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Marsh Harrier

Irish: Clamhán Móna nó Cromán Móna
Latin: Circus aeruginosus

Large harrier with slim body, relatively narrow wings and long tail. Soars with wings in shallow 'V'. Adult male is very distinct with striking colours (grey, black and brown) on upperwings and upperbody very apparent. Female is dark brown with creamy white crown, throat and forewing.

Traditionally found over reedbeds on the edges of Ireland's once common wetlands. Also hunts over marginal and arable farmland, bogs, fens and marshes.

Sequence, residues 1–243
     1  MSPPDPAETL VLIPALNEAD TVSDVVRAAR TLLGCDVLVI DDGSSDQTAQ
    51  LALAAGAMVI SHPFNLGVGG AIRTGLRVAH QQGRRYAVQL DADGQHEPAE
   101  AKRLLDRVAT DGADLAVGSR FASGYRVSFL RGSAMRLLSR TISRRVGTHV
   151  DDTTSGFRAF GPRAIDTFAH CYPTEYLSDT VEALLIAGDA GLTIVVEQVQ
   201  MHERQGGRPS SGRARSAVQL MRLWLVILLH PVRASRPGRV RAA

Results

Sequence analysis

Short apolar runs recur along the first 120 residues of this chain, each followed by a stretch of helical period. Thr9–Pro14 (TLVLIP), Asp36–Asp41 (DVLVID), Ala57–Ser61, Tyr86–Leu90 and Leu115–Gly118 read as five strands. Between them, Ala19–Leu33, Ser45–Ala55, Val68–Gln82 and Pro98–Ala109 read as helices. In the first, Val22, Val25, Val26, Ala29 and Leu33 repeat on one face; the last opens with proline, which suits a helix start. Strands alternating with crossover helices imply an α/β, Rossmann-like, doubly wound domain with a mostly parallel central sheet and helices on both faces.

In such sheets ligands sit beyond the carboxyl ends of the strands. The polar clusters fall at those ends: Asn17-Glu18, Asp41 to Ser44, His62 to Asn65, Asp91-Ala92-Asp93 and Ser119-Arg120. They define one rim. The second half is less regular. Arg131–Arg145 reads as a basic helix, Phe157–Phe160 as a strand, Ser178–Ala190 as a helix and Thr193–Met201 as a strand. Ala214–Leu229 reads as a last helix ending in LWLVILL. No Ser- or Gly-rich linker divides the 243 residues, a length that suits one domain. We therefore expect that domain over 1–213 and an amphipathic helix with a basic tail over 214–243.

Eats birds such as Moorhens and Coot, young ducks and waders, small passerines, young Rabbits and rodents.

Nests in reed beds on swampy ground in shallow water. Can nest on arable ground amongst cereal crops. Lays down a pile or platform of reeds and sedges and grasses are used to line the nest. 4-6 eggs are laid in late April-June and incubated for 33-36 days and the chicks remain in the nest for 35-38 days.

Became extinct in Ireland as a breeding species in 1917. However annual sightings of adult birds in suitable breeding areas in Ireland indicate that it is likely to recolonise Ireland in the near future.